Estimated prevalence of diabetes among adolescents higher than previously reported
In a study appearing in the July 19 issue of JAMA, Andy Menke, Ph.D., of Social & Scientific Systems, Silver Spring, Md., and colleagues estimated the prevalence of diabetes among U.S. adolescents, the percentage of those who were unaware of their diabetes, and the prevalence of prediabetes using nationally representative data.
The researchers used 2005-2014 National Health and Nutrition Examination Survey (NHANES) data (in which all relevant glucose data were available) from adolescents age 12 to 19 years who were randomly selected for a morning examination session after fasting.
Of 2,606 adolescents included, 62 had diabetes, 20 were undiagnosed, and 512 had prediabetes. The weighted prevalence of diabetes was 0.8 percent, of which 29 percent was undiagnosed, and the prevalence of prediabetes was 18 percent. Prediabetes was more common in males (22 percent) than females (13 percent). Compared with non-Hispanic white participants, the percentage of adolescents with diabetes who were undiagnosed (4.6 percent) and the prediabetes prevalence (15 percent) were higher in non-Hispanic black participants (50 percent and 21 percent, respectively) and Hispanic participants (40 percent and 23 percent, respectively). Diabetes and prediabetes prevalences did not change over time.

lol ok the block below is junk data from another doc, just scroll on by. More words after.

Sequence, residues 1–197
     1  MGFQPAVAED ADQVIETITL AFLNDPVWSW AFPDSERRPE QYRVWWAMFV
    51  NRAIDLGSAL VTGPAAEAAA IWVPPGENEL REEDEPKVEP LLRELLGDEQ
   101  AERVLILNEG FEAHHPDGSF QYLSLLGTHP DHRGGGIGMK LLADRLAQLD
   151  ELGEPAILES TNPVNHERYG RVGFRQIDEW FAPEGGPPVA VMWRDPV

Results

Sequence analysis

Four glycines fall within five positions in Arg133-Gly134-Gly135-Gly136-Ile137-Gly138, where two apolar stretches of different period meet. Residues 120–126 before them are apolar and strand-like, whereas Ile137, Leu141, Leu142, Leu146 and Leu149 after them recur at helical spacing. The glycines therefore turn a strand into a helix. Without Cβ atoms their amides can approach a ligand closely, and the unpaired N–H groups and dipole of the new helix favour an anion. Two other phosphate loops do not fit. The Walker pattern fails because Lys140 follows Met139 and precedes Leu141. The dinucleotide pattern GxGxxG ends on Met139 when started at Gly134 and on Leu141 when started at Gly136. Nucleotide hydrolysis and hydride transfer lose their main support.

"To our knowledge, these are the first estimates of diabetes in a nationally representative sample of U.S. adolescents using all 3 American Diabetes Association recommended biomarkers. The estimates are higher than previously reported; 1 study found diagnosed diabetes in 0.34 percent of participants aged 10 to 19 years. A relatively large proportion was unaware of the condition, particularly among non-Hispanic black participants and Hispanic participants, indicating a need for improved diabetes screening among adolescents. These findings may have important public health implications because diabetes in youth is associated with early onset of risk factors and complications," the authors write.